Class is a welcome addition to the Doctor Who universe. Yes, its about teenagers. Yes, there’s angst, and weirdness and parents. But hiding below the surface is a strong show. Or at least a strong beginning of a show. This is your midseason review of Class.
I reviewed the first episode back in April when Doctor Who had its premiere. It was very much a YA teen drama: awkward kids getting ready for prom suddenly tasked with saving the world.
The leader of the group seems to be Charlie (a sweet, charming alien prince who’s the last of his kind and who is oblivious to the human world). But on second watch, the leader might actually be April (a sweet charming girl, with a hidden strength and undiscovered darkness).
There’s also Ram (a Sikh soccer star who loses his leg and sees his girlfriend murdered in episode one). Tanya, a Nigerian child prodigy who’s three years younger than the rest. And finally there’s Matteuz, a gay boy with a heart of gold and ultra-religious parents. Watching over the team is Miss Quill, an alien enslaved to Charlie as punishment for a war long lost.
Episode one, “For Tonight We Might Die,” is certainly the weakest episode for all the obvious reasons. There are introductions to be made, fan-service with the appearance of the Doctor, and a brief reference to Clara. The Shadow Kin is set up as the monster to set up the rest of the season. There’s gore (and much more to come). And there’s Coal Hill School, revamped and ready for business.
Episode two, “The Coach With A Dragon Tattoo,” is ripped straight out of the Bailey School Kids. It wasn’t very strong, but it does deal in some good material. The monster-of-the-week is Ram’s soccer coach who has a murderous dragon tattoo. But more importantly, it focuses on Ram dealing with the loss of his girlfriend, a prosthetic leg from the Doctor, and some PTSD. Eventually, he tells his father what’s happened.
The parents in this show are actually stellar, being present when necessary and being strict when need be. For example, in episode three, “Nightvisiting,” Tanya must face an alien version of her deceased father. The dead have returned and Tanya’s grief is in full force. The exploration of grief and closure at the forefront. Sure, Tanya and her friends save the day. But in the end Tanya returns to her often overprotective, but also loving mother.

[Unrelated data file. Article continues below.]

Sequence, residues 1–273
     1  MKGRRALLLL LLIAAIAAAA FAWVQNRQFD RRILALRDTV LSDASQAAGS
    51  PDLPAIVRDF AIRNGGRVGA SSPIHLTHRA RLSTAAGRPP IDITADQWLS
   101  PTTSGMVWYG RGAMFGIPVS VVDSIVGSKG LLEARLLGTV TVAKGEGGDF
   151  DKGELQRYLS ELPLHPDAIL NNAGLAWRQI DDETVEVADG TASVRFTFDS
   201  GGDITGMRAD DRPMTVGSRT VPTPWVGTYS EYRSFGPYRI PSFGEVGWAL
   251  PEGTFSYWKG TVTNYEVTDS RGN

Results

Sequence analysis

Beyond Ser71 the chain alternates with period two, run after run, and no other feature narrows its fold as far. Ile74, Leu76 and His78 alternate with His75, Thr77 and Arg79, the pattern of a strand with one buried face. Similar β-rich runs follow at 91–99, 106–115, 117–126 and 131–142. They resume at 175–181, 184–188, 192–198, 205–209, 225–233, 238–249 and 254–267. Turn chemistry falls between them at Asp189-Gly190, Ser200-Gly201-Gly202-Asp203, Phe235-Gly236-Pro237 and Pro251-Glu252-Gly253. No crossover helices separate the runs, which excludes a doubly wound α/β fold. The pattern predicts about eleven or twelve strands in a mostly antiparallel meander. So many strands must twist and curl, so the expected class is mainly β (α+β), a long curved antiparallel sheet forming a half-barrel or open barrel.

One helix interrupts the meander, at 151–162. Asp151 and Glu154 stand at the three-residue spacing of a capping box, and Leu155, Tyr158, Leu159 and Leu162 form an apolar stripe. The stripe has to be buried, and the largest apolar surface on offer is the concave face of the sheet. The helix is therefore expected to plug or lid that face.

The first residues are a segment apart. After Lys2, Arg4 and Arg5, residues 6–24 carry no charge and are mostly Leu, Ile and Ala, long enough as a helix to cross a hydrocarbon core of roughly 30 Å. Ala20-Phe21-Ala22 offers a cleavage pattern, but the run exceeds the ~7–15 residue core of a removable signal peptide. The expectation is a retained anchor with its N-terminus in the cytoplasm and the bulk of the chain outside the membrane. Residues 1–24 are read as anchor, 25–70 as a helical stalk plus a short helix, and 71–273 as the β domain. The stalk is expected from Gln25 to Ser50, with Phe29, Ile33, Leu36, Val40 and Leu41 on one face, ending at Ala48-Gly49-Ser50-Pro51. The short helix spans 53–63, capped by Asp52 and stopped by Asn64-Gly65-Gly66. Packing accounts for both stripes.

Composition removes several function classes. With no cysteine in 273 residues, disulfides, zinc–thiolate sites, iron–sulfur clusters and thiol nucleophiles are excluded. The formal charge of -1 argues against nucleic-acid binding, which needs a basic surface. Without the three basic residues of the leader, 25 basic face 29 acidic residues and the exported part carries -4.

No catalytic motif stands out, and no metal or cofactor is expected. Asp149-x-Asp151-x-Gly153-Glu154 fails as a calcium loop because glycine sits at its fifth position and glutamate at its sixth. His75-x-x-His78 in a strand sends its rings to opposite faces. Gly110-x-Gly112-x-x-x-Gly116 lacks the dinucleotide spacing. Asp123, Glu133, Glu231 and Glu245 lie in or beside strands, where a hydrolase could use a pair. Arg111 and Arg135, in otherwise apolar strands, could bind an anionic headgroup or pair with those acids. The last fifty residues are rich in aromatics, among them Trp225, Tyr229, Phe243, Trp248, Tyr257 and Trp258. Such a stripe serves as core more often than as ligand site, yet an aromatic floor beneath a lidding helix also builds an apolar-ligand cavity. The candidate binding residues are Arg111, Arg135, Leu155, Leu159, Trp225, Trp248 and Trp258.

“Nightvisiting” also introduces two couples: Charlie and Matteausz and April and Ram. Charlie and Matteusz are lovely and heartwarming. Matteausz has been kicked out of his home for being gay, so more of that conversation is sure to abound. But he’s also now tasked with keeping Charlie honest about his role as the last prince of Rhodi. They talk love and genocide. You know, average teenage boys stuff.
April and Ram make no sense to me, as Ram’s girlfriend has just been murdered in front of his face. And I’m pretty sure Tanya has a crush on him. Their relationship pops up out of nowhere, but teens will be teens. In this crazy world, they need to cling to some who knows what they’re experiencing. You know, like an alien invasion.
Episode four, “Co-Owner Of A Lonely Heart,” deals in April. Every unhappy family is unhappy in its own way, and April is no exception. In fact, she might be the most capable of murderous rage, with or without alien help. Episode four is where the show really picks up. I suspect it will not be monster of the week for much longer. A fully fledged plot line would be a welcome change for this show.
I’m honestly surprised how much I’m enjoying Class. Watching a teenage soap opera is fine with me. Watching an alien show is certainly fine. But I had reservations when I heard about Class. However, this show did something that surprised me, something very smart.
The show is more like Buffy than Doctor Who. Each episode follows a character as they deal with very real life problems. The alien aspect is tertiary. There’s no escaping after the villain is defeated. There’s no Tardis to whisk them away.
Instead, they must deal with each other, with teachers, with parents, and with responsibilities that may be too big for them to even imagine. Nonetheless, the show puts forth great effort to accentuate how the world works when the Doctor isn’t there to save everyone. Class is Baby Torchwood. It’s Doctor Who on Freeform. So, why not give it a try?